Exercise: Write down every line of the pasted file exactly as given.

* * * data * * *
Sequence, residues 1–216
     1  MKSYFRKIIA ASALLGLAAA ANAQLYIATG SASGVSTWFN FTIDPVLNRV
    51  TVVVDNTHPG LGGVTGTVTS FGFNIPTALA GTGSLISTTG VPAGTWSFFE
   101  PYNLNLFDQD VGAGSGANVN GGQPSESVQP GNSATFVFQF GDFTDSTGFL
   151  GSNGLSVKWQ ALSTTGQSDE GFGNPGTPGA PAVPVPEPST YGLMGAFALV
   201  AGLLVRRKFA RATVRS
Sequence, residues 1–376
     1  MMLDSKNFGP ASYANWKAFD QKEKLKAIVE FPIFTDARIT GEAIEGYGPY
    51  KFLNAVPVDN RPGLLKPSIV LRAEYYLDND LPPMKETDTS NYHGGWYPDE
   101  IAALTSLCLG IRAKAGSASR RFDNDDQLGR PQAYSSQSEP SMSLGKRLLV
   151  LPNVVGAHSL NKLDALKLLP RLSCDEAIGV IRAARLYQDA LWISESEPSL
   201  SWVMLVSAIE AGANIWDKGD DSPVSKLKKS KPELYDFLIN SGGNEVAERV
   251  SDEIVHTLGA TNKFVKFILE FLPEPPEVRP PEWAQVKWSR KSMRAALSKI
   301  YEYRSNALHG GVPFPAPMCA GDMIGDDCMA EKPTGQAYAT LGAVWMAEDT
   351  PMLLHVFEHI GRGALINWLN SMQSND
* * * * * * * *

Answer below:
Sequence, residues 1–216
     1  MKSYFRKIIA ASALLGLAAA ANAQLYIATG SASGVSTWFN FTIDPVLNRV
    51  TVVVDNTHPG LGGVTGTVTS FGFNIPTALA GTGSLISTTG VPAGTWSFFE
   101  PYNLNLFDQD VGAGSGANVN GGQPSESVQP GNSATFVFQF GDFTDSTGFL
   151  GSNGLSVKWQ ALSTTGQSDE GFGNPGTPGA PAVPVPEPST YGLMGAFALV
   201  AGLLVRRKFA RATVRS
Sequence, residues 1–376
     1  MMLDSKNFGP ASYANWKAFD QKEKLKAIVE FPIFTDARIT GEAIEGYGPY
    51  KFLNAVPVDN RPGLLKPSIV LRAEYYLDND LPPMKETDTS NYHGGWYPDE
   101  IAALTSLCLG IRAKAGSASR RFDNDDQLGR PQAYSSQSEP SMSLGKRLLV
   151  LPNVVGAHSL NKLDALKLLP RLSCDEAIGV IRAARLYQDA LWISESEPSL
   201  SWVMLVSAIE AGANIWDKGD DSPVSKLKKS KPELYDFLIN SGGNEVAERV
   251  SDEIVHTLGA TNKFVKFILE FLPEPPEVRP PEWAQVKWSR KSMRAALSKI
   301  YEYRSNALHG GVPFPAPMCA GDMIGDDCMA EKPTGQAYAT LGAVWMAEDT
   351  PMLLHVFEHI GRGALINWLN SMQSND